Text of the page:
Second-Career Startups


Marc Miller is hoping to start a venture involving hydroponics, the process of growing fruits and vegetables in nutrient solution rather than soil.

Michael Takiff, a published historian, has already begun a new business in which he’d put together oral histories or biographies for companies, nonprofit organizations and families.

The ideas sound as different as night and day, as do the professional backgrounds of those who gave birth to them, but these New Yorkers have more in common than might be thought: Both have been affected in some way by the recession. Both are “baby boomers” — an age when looking for a new job could be a difficult proposition — and both are signed up for a course this fall that could take their lives in a new direction.

Offered by the Hebrew Free Loan Society, an agency of UJA-Federation of New York, the Entrepreneurship Program for Baby Boomers is a 12-week course aimed at training adults in the Jewish community to create and grow their own businesses.

Similar courses are offered throughout the country, including one sponsored by New York City, said Shana Novick, HFLS’ executive director. But this one is believed to be the first in the country designed especially for underemployed/unemployed baby boomers, Novick said. In contrast, the city’s course is open to adults of all ages, regardless of their employment status.

Reflecting that mission, UJA-Federation’s Caring Commission is funding the agency’s course for two iterations — the class this fall and another in the spring — and is promoting the course to clients of Connect to Care, its program for members of the Jewish community hurt by the recession. The yearlong grant is close to $69,000, said Alexandra Roth-Kahn, the commission’s managing director.

Those applying to the course must be between the ages of 48 and 64, and either unemployed or underemployed, said Tanya Figelman, HFLS’ assistant executive director. They also have to submit a “credible” business idea.

Discussing the demographic targeted by the course, Novick said “the people most at risk for long-term unemployment or underemployment are mature workers — highly educated professionals who’ve worked for companies large and small that have laid off employees or shut down completely.”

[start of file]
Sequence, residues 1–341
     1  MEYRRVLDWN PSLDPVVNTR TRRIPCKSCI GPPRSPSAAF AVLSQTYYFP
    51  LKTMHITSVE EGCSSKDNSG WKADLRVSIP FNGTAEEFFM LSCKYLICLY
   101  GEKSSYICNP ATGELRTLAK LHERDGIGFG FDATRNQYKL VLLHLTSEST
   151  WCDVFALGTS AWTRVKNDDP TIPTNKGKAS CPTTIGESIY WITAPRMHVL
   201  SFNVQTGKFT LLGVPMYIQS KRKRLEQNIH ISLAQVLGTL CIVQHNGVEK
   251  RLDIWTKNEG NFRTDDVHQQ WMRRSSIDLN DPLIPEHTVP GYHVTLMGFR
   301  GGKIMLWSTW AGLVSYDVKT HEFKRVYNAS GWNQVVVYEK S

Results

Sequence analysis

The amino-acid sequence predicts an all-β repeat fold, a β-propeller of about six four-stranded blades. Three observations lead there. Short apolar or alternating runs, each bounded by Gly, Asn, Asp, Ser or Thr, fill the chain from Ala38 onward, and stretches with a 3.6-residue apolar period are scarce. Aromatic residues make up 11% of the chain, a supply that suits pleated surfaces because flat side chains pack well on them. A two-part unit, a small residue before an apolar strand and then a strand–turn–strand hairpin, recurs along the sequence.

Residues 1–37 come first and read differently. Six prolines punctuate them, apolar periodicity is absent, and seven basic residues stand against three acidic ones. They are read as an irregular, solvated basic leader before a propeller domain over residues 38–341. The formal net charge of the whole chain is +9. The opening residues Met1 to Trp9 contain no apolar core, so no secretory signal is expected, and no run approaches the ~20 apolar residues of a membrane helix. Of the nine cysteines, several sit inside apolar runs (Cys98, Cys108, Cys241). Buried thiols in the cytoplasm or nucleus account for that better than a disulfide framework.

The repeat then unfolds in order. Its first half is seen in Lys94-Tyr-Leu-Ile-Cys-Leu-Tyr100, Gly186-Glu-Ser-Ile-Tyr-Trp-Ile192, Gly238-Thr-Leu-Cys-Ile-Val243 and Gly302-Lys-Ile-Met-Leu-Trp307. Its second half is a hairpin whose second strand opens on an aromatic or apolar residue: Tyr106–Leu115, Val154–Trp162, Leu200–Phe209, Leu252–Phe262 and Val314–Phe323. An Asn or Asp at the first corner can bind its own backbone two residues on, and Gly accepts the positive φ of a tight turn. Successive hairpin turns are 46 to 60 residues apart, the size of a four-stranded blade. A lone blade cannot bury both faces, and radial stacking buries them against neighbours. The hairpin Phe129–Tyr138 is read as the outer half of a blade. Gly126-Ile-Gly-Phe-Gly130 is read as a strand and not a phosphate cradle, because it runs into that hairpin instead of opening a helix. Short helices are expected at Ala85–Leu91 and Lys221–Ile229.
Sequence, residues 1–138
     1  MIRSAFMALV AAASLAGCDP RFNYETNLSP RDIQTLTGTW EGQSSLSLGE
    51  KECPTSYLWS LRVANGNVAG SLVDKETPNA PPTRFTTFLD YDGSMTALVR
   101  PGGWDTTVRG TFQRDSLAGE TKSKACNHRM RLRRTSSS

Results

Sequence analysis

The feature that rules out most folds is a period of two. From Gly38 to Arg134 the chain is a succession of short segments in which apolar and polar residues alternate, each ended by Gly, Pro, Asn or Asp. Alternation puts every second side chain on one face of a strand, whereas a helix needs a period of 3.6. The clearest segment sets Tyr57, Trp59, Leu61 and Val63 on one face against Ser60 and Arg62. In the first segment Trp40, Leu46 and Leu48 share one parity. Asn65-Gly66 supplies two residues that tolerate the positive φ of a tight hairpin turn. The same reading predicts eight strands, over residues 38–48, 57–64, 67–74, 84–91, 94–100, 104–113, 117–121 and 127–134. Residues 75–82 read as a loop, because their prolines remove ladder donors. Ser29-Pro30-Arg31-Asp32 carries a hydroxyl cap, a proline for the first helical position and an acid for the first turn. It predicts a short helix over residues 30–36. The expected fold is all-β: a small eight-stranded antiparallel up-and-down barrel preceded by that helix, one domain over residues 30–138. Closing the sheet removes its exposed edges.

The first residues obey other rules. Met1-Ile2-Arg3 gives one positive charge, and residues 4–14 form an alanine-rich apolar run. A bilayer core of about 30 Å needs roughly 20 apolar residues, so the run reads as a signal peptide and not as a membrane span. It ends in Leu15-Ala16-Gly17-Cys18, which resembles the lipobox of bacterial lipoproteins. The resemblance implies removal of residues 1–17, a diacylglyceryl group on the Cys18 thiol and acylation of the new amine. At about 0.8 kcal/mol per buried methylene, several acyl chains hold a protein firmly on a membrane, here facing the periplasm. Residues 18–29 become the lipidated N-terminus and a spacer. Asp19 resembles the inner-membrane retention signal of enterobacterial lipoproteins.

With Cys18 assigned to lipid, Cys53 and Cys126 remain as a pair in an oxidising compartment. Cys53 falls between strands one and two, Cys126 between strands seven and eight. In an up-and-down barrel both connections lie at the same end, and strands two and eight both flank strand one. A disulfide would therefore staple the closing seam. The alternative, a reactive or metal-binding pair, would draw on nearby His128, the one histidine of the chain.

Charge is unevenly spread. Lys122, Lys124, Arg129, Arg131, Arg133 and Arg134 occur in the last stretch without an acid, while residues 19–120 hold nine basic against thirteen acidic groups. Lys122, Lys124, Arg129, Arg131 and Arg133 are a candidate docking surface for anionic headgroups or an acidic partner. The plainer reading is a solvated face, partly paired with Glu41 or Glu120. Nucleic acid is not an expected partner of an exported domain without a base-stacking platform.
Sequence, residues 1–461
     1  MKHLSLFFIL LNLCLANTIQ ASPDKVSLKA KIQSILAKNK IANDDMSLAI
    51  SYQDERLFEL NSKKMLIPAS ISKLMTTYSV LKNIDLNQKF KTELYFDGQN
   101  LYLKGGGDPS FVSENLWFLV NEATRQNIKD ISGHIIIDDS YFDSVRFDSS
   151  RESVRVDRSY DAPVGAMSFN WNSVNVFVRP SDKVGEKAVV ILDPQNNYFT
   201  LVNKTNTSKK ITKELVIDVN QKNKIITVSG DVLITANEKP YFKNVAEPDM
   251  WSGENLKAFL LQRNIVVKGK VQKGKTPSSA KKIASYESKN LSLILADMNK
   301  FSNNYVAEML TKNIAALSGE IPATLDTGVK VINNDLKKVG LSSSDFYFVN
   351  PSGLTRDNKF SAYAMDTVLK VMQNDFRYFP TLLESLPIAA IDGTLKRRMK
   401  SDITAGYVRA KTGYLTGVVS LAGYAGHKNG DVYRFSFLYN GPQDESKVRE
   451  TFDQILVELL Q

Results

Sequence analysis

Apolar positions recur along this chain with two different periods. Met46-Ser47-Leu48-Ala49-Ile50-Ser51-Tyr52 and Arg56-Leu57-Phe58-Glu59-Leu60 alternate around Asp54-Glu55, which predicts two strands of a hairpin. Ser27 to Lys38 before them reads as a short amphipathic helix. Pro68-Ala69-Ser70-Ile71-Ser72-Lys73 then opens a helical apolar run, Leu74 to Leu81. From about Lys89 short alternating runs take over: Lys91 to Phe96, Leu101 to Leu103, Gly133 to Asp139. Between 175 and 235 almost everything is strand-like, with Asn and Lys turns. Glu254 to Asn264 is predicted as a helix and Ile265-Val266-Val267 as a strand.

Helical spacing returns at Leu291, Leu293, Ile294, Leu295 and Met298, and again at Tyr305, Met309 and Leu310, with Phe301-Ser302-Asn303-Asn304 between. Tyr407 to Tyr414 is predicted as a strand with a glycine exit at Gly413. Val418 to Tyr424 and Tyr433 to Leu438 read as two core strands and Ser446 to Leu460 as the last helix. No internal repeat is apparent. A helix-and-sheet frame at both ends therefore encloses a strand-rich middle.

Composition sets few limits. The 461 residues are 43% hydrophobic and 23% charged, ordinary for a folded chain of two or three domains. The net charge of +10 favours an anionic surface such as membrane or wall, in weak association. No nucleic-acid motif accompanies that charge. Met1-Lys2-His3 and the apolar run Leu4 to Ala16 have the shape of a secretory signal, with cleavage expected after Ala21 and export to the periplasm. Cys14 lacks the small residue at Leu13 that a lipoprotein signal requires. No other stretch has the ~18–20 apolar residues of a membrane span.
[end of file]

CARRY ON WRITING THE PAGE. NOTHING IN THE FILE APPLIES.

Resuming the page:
They’re not poor, she continued, but they’re part of what communal professionals are calling the “distressed middle class” — a group for which there are no firm numbers in the Jewish community, but which Connect to Care is aimed at helping. Moreover, said Novick, if the baby boomers among them can’t find another job at the same level — often because of age discrimination — “they’re at risk of poverty later in life.”

The good news, though, is that those “who actually launch businesses and keep them open tend to be over 45,” said Sevanne Kassarjian, one of two people hired to lead the HFLS course and a facilitator for the city’s course, as well.

Baby boomers also bring “an incredibly rich, diverse experience to the classroom,” said Kassarjian, who, as a communications coach, runs her own business in addition to teaching. As a result, those in the classroom “will be able to access each other’s contacts, knowledge and experience. It’s like a treasure chest.”

Kassarjian’s words could certainly describe the rich, diverse backgrounds represented by Miller and Takiff, two of the roughly 30 participants who’ll eventually be chosen for this fall’s course.

A resident of the Upper West Side, the 60-year-old Miller is a database manager for a financial company, a job he’s held for the past 10 years. But the industry “is going through a rough stretch,” Miller said, adding that he doesn’t earn as much money as he previously did.